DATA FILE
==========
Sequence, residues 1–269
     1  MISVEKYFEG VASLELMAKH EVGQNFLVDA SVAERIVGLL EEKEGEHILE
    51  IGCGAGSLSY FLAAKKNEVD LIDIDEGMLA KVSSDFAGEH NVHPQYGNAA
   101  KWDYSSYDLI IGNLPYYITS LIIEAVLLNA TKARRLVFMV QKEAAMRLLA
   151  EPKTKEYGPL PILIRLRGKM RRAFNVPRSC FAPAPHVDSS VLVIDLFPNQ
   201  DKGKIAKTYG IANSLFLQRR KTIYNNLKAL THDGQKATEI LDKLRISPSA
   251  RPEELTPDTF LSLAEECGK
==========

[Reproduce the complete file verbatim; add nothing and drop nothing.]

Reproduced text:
Sequence, residues 1–269
     1  MISVEKYFEG VASLELMAKH EVGQNFLVDA SVAERIVGLL EEKEGEHILE
    51  IGCGAGSLSY FLAAKKNEVD LIDIDEGMLA KVSSDFAGEH NVHPQYGNAA
   101  KWDYSSYDLI IGNLPYYITS LIIEAVLLNA TKARRLVFMV QKEAAMRLLA
   151  EPKTKEYGPL PILIRLRGKM RRAFNVPRSC FAPAPHVDSS VLVIDLFPNQ
   201  DKGKIAKTYG IANSLFLQRR KTIYNNLKAL THDGQKATEI LDKLRISPSA
   251  RPEELTPDTF LSLAEECGK